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Contact: Leslie Capo
lcapo@lsuhsc.edu
504-568-4806
Louisiana State University Health Sciences Center

LSUHSC study reports racial/ethnic differences in young people with cancer

New Orleans, LA Mei-Chin Hsieh, MSPH, CTR, of LSU Health Sciences Center New Orleans School of Public Health's Louisiana Tumor Registry, is the lead author of a study that reports racial and ethnic differences in the incidence of soft tissue sarcomas in adolescents and young adults. The research, conducted at LSU Health Sciences Center New Orleans School of Public Health, is published online in the Journal of Adolescent and Young Adult Oncology: http://online.liebertpub.com/doi/abs/10.1089/jayao.2012.0031.

The LSUHSC research team, which also included Xiao-Cheng Wu, MD, MPH, Director of the LSUHSC Louisiana Tumor Registry, Patricia Andrews, MPH, Instructor of Epidemiology, and Vivien Chen, PhD, Professor of Epidemiology, analyzed 1995-2008 incidence data from 25 population-based cancer registries covering 64% of the United States population, which they obtained from the North American Association of Central Cancer Registries.

The incidence rates of soft tissue sarcoma types in cancer patients who are 15 to 29 years old vary among racial/ethnic groups. The incidence of all soft tissue sarcomas combined was 34% higher in males than females, 60% higher among African-Americans than Caucasians, and slightly higher among Hispanics than Caucasians. The researchers found that African-American and Hispanic males had a higher incidence of Kaposi sarcoma than Caucasians. For non-Kaposi sarcoma, African-Americans had a significantly higher incidence of fibromatous tumors and rhabdomyosarcoma than Caucasians, Hispanics had a significantly higher incidence of liposarcoma, and Caucasians were more likely to be diagnosed with synovial sarcoma than African-Americans.

"Most studies on adolescents and young adults aged 15 to 29 have focused on the comparison of this age group with younger and/or older populations with less focus on quantifying the differences among racial/ethnic groups within this age group," notes Hsieh. The National Cancer Institute defines soft tissue sarcoma as a cancer that begins in the muscle, fat, fibrous tissue, blood vessels, or other supporting tissue of the body. There are a number of different types. They include Kaposi sarcoma, a malignancy that occurs in blood vessel walls that often affects people with immune deficiencies, such as HIV/AIDS; fibrosarcoma tumors in fibrous tissue in the arms, legs, or trunk; liposarcoma tumors in fatty tissue, often in the legs and trunk; rhabdomyosarcoma cancer that occurs in skeletal muscle; and synovial sarcoma cancer in the tissue around the joints and ankles.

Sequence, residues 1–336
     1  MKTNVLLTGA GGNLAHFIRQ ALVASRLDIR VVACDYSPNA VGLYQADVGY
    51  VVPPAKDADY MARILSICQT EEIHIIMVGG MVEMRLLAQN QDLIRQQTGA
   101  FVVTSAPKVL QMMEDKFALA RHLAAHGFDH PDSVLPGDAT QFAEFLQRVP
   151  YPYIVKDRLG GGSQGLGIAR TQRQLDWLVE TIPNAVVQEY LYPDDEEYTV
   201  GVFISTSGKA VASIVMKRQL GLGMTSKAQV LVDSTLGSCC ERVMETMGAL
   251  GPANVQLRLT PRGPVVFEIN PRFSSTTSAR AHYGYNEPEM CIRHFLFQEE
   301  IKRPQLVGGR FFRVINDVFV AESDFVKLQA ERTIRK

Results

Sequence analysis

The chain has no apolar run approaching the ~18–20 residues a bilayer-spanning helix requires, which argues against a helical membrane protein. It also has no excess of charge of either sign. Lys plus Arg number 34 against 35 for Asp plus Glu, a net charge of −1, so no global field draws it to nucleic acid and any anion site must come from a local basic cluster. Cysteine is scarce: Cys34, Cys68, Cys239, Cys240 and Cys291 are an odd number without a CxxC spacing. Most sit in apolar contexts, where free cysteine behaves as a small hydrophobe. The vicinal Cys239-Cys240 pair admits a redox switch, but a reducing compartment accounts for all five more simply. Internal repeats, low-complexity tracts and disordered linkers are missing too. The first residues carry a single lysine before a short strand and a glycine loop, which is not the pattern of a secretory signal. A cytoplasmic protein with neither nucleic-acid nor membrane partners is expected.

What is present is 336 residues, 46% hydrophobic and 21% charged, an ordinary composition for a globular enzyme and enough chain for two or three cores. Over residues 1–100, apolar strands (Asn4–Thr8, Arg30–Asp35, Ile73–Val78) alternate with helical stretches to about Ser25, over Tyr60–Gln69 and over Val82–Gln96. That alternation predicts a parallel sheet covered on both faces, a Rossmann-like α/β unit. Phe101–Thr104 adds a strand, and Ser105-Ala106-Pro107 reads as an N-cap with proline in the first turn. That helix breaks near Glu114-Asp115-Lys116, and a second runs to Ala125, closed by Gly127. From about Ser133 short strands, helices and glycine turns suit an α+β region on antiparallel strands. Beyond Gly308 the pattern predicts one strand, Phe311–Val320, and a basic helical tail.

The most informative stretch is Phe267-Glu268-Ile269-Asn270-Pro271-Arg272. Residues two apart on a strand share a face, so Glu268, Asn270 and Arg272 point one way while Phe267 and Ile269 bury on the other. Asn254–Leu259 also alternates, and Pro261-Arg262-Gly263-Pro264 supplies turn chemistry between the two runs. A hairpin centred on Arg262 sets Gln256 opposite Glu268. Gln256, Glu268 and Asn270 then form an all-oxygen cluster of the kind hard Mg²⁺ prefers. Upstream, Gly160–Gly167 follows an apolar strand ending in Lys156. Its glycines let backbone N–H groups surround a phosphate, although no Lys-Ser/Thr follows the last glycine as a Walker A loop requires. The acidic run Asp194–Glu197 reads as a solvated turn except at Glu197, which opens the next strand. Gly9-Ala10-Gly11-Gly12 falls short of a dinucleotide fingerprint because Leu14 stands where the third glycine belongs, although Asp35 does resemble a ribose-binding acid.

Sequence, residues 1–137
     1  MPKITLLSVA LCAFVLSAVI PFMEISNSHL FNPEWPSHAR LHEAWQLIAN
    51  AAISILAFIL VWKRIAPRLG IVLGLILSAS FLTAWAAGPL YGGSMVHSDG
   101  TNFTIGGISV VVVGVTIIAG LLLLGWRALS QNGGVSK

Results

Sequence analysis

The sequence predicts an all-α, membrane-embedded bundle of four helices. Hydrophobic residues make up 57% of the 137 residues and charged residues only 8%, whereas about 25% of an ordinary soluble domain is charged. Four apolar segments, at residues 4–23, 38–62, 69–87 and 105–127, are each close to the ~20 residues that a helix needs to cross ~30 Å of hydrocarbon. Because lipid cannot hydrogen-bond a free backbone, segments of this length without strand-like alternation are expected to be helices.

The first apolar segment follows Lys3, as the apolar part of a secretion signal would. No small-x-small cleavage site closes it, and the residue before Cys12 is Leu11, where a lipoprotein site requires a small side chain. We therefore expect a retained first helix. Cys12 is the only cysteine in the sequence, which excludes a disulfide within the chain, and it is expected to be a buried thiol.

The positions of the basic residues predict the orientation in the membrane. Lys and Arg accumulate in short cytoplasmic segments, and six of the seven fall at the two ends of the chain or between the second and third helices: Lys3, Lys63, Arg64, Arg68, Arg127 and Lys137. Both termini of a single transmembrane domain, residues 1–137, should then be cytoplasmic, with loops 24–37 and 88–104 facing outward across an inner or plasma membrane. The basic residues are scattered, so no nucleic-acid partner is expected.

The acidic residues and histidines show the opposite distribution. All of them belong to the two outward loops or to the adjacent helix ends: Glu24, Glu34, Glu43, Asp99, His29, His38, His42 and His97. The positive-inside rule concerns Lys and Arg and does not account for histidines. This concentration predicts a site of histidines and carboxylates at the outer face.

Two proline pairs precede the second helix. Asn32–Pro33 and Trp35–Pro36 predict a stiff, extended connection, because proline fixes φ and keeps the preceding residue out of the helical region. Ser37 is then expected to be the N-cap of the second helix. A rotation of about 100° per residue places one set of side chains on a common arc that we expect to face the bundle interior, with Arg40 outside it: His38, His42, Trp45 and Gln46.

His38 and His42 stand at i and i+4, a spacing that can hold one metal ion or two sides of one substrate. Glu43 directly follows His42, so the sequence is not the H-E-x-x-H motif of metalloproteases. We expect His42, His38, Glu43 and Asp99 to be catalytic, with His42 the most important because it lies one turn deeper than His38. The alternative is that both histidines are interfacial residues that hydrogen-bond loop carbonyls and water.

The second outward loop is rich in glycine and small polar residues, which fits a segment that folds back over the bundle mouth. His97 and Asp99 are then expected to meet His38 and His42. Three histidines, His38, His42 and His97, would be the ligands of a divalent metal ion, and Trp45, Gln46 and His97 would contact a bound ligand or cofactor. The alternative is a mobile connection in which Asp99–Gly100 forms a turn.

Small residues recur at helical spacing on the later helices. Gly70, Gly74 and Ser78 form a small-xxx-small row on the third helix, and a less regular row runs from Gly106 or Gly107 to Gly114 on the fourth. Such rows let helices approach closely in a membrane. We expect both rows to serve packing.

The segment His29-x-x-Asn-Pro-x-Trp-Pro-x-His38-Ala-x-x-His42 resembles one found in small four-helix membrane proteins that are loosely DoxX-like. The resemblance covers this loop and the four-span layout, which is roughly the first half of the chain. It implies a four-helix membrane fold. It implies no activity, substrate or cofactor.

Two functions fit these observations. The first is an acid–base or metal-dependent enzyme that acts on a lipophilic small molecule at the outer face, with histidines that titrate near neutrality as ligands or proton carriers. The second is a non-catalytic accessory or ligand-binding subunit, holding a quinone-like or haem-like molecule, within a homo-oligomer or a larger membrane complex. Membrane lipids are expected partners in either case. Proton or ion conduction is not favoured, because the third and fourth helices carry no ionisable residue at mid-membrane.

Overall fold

This type of research provides information that can improve care. It raises awareness of the need for inclusion of cancer patients in this age group in clinical trials. It alerts physicians to the racial/ethnic disparities for different cancers. It can also direct policy. For instance, policies could be implemented to prevent Kaposi sarcoma since it is the only type among all soft tissue sarcomas that is amenable to prevention through appropriate interventions. Further efforts should focus on developing effective racially and ethnically sensitive and culturally acceptable interventions in order to minimize the disparities and ultimately reduce the incidence of Kaposi sarcoma in young adults of all races/ethnicities.

While disparities are also observed for common non-Kaposi sarcoma types, no well-established cancer controls are currently in place. Unlike Kaposi sarcoma, factors for racial and ethnic disparities in non-Kaposi sarcoma incidence among adolescents and young adults are less clear. More research on factors contributing to the racial and ethnic disparities of non-Kaposi sarcomas is needed.

"We hope that, based on our study results, more attention will be paid to all aspects of cancer care for this age group," Hsieh concludes. The research is a special study of the LSU Health Sciences Center New Orleans School of Public Health's Louisiana Tumor Registry, which is one of the 18 competitively awarded cancer registries in the SEER (Surveillance, Epidemiology and End Results) Program of the National Cancer Institute. The SEER Program is the most authoritative source of information on cancer incidence and survival in the United States. LSUHSC's Louisiana Tumor Registry is also a member of the North American Association of Central Cancer Registries.

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This work was supported in part by LSU Health Sciences Center New Orleans, the Centers for Disease Control and Prevention under National Program of Cancer Registries (NPCR) cooperative agreement number 5U58DP000769, and the National Cancer Institute's SEER contract number HHSN261201000030C.

LSU Health Sciences Center New Orleans educates Louisiana's health care professionals. The state's academic health leader, LSUHSC New Orleans consists of a School of Medicine, the state's only School of Dentistry, Louisiana's only public School of Public Health, Schools of Allied Health Professions and Graduate Studies, and the only School of Nursing within an academic health center in the State of Louisiana. To learn more, visit http://www.lsuhsc.edu and http://www.twitter.com/LSUHSCHealth



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